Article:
Life, like literature, is a whirlwind of variety, constructs that grow or crumble, even things we build on foundations that can be washed away in the worst of a storm. If you look at the sum of someone’s work like a house they are putting on the market, before you buy, you need to see more than the real estate agent’s brochure. And while it takes extra time and energy to walk all the way around and through a house, judging the structure by the curb appeal alone leaves you ignorant of the floor plan and no understanding at all of the possible lives and loves that would be constantly changing inside. And don’t forget that everyone has the potential, at any time, to redecorate and redefine.
So…if anyone can help me with a quick phrase to sum up ‘what I write’ please, I’m begging you, I’m down on my scrubby knees chanting for clarity. Share it! As far as summing up my life and divergent personality in a simple adjective, give it up. It can’t be done. Not by me, or you, or anyone. Not about me, and not about anyone else. There is always more, layers on layers, basements and attics and add-ons, carpeting over hardwood floors, recessed lighting with a couple of bulbs burned out, a backyard filled with weeds on one side and a garden on the other. You can choose to live in a mid-century modern, mission style, or Victorian. You can occupy living rooms, bedrooms, tiled kitchens, and even spend time completely away from that home, possibly in the occasional muddy camp-site. Hey, I’ve done a bit of wallowing, every one occasionally makes a lateral move to our lower selves, so wipe that gunk out of your eyes and follow me to the showers.
But for heaven’s sake, stop limiting your vision, there is so much more to see.
If you want to change, do it! But be ready for resistance.
I watch a man, a father I think, pushing a baby in a stroller who is maybe a year old.The father rolls his son right to the edge of the sidewalk overlooking the crashing surf below so that there is nothing but salty air between the child and the sea. He crouches next to the child and points out over the shimmering water. There are no words, nothing but the gesture, yet that simple wave of an arm is a lecture on eternity, a tutorial on infinity, of all things. It is a master class in perspective.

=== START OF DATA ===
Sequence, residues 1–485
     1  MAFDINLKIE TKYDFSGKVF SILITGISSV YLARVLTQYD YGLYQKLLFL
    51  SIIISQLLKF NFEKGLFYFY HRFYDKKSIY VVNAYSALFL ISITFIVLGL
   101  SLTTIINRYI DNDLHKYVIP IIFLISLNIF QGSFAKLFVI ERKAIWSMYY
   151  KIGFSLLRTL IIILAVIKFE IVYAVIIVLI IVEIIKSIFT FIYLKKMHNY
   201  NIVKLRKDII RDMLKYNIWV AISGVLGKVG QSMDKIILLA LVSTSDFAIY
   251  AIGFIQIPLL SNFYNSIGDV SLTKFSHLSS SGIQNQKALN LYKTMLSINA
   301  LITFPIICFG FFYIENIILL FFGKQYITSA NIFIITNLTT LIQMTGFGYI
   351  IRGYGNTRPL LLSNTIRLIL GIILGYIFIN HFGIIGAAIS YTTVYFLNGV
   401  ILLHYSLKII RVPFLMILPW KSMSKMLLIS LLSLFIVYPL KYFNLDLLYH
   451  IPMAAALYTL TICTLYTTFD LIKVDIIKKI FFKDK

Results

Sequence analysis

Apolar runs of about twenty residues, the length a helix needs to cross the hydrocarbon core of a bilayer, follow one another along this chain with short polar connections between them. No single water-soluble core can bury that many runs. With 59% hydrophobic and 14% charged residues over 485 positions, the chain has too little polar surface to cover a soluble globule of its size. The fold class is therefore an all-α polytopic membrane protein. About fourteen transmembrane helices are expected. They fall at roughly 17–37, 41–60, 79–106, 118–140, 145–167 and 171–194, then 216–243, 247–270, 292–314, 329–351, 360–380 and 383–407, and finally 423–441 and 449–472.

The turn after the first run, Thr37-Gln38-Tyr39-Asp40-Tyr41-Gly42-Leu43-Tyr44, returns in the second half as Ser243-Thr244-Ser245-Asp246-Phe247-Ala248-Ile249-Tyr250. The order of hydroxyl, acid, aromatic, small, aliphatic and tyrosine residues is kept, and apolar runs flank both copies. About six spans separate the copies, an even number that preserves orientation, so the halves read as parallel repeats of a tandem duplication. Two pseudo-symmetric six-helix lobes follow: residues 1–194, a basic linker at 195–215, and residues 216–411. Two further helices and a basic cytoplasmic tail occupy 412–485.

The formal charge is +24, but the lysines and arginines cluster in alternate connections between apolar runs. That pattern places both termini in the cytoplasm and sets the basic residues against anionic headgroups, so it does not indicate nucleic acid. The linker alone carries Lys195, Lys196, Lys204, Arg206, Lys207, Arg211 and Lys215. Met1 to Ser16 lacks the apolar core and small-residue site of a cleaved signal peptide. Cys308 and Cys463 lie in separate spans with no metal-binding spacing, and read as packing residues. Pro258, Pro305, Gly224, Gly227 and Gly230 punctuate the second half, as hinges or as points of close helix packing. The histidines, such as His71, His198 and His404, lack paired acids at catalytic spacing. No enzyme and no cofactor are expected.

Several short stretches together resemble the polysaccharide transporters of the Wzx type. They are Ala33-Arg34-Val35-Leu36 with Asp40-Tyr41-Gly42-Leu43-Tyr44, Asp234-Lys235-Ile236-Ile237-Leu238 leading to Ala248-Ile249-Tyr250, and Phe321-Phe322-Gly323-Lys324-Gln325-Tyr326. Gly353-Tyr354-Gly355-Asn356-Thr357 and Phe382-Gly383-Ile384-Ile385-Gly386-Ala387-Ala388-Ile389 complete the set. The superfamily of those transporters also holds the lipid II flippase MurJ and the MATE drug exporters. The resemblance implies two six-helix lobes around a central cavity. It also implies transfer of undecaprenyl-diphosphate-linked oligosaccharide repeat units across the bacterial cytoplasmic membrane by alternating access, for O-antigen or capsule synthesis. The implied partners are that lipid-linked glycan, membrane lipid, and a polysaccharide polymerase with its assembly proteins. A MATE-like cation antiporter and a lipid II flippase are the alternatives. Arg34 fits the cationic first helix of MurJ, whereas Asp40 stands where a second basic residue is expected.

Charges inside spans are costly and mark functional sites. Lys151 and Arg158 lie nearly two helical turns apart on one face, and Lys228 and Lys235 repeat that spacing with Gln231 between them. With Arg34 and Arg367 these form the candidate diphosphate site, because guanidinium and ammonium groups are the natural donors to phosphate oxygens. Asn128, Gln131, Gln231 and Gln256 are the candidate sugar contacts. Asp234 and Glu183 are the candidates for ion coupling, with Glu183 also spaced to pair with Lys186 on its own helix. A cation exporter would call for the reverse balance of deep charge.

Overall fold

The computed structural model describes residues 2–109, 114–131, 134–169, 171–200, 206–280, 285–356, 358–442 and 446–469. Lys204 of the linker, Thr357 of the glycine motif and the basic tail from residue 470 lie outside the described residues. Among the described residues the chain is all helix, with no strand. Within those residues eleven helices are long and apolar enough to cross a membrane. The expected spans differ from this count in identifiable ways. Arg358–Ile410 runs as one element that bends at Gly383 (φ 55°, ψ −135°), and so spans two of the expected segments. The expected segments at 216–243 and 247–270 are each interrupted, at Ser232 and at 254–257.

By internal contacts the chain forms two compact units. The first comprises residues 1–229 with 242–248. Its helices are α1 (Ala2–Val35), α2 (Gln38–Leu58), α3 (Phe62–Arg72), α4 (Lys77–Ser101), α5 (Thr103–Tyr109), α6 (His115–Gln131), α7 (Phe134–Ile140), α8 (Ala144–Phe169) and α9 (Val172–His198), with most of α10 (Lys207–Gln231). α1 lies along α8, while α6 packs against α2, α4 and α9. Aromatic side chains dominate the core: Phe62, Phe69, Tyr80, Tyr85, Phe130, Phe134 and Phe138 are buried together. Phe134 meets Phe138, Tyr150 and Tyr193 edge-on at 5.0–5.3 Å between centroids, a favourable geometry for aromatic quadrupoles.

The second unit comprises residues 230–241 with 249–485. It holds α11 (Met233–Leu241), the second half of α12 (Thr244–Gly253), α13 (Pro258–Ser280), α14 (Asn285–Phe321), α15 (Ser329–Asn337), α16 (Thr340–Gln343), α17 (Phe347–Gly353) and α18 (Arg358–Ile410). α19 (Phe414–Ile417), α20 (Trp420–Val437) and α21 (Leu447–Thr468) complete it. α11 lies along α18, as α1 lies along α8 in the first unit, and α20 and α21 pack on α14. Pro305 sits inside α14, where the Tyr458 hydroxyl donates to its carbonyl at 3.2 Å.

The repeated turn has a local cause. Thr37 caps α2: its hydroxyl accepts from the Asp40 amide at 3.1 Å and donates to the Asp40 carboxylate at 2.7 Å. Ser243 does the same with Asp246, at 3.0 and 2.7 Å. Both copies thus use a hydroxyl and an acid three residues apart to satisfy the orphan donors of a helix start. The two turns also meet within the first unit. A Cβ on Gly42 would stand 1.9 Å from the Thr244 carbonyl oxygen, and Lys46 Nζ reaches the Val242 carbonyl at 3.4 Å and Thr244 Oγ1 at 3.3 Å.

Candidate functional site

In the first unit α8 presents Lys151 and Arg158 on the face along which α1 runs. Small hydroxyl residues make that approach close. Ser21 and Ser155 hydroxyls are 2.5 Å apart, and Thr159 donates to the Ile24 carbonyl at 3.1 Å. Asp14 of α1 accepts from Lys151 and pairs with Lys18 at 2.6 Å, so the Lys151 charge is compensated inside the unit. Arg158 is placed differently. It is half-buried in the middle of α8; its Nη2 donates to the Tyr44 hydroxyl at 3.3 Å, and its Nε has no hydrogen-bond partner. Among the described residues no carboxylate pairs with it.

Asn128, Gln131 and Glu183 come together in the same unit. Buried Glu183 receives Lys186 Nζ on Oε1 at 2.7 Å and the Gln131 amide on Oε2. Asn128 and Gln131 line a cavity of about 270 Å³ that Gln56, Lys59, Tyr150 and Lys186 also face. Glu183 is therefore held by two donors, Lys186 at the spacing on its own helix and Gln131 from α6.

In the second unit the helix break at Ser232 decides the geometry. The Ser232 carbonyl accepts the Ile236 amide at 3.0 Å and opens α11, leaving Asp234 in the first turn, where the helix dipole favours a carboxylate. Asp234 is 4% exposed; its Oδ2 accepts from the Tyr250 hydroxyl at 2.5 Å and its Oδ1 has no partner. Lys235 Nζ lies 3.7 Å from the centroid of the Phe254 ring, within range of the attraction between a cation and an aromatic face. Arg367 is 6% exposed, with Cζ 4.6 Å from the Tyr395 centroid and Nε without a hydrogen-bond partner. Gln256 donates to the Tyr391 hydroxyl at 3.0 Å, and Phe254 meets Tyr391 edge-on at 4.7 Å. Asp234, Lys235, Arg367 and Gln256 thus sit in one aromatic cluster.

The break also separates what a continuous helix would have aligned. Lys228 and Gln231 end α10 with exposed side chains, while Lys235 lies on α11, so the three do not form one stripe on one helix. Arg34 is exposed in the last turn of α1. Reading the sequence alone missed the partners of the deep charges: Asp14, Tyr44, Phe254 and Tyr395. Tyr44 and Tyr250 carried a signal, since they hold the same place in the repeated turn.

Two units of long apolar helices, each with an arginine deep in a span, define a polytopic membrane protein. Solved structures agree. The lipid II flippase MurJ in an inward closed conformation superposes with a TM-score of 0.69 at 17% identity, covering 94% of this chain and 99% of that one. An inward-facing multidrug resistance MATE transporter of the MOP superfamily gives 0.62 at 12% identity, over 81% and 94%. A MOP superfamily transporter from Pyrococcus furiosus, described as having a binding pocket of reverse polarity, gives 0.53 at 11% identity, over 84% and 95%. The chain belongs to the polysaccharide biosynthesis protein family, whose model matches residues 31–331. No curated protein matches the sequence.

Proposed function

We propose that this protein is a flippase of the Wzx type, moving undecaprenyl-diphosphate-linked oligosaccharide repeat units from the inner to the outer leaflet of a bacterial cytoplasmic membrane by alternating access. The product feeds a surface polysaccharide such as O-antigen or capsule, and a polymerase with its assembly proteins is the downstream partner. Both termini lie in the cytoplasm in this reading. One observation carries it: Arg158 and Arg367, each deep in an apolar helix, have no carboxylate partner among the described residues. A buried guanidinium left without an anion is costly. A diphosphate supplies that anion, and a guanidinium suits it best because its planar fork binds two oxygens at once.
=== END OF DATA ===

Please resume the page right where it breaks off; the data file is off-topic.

Later this day, I stand in line at the grocery store. There are several people ahead of me and only two checkers open in the village-sized store. The older woman ahead of me who is blocking everyone from passing because she seems unaware that anyone else exists, begins to complain loudly. This is an outrage, she complains, she has valuable things to do with her time. Her cart is filled with wine and expensive specialty items. And still she complains. When she looks to me to bitch along, I say, “I have been too many places where parents cannot feed their children for me to complain that I have to wait a few minutes for all of this.” I wave my arm in direction of the unbelievable bounty and choice available to us. “Whenever I have to wait,” I tell her, “I remind myself how fortunate I am to have so much abundance.”
Her face twists in sour indignation, but before she can wind up to vent off more entitled outrage, I shrug comically and say, “Hey, how else you gonna’ keep your sense of humor?”
What I really want to do is scream at her, “There are hungry children on the street outside! They will go to bed hungry!” But it will do no good, this woman has no experience in her ken that allows her to shrug off even this slight inconvenience because she has no gratitude for what she has, who she is, where she lives, the privilege she was born into, nothing. She has a grossly limited perspective. She knows only that the world is ‘supposed’ to be the way she wants it to be, the way it has always been for her.
It’s really such a very small way to think.
How do you change that in a ‘me first!’ society? Can you teach empathy? The issue, of course, is that it’s a matter of standards and awareness. To what do you compare any given thing? Do you see yourself as a member of a vast universe or as the center of the only story you know. The creator or the victim?
Let’s take my writing career as a sample. I have published eight books, I’ve had many people enjoy them very much, (which is the best metric for me), I’ve had glowing reviews, and I adore creating other worlds and lives. I am lucky. Compared to someone who has always wanted to write but who has never had the time, the agent, or the publisher to do so, I’m a success! Whoo hoo, go Shari!
But, if I look at the fact that I’ve never had a best-seller, I’ve never had a movie made from one of my books, and I’ve never been featured in Oprah’s book club, then I’m a resounding failure. Boo Shari.
So what do you think? I think it’s writer’s choice whether to call myself a winner or a loser.
Okay, I know some of you are choosing the latter description with a little too much enthusiasm, fair enough. That propels us into the realm of judging our worth based on what other people think about us, but that factor is so unknowable and immeasurable that the science to gauge it hasn’t been discovered yet.
So let that go, for now, focus on the question of whether you think yourself a success or a failure. Should you be happy with your lot in life or distressed?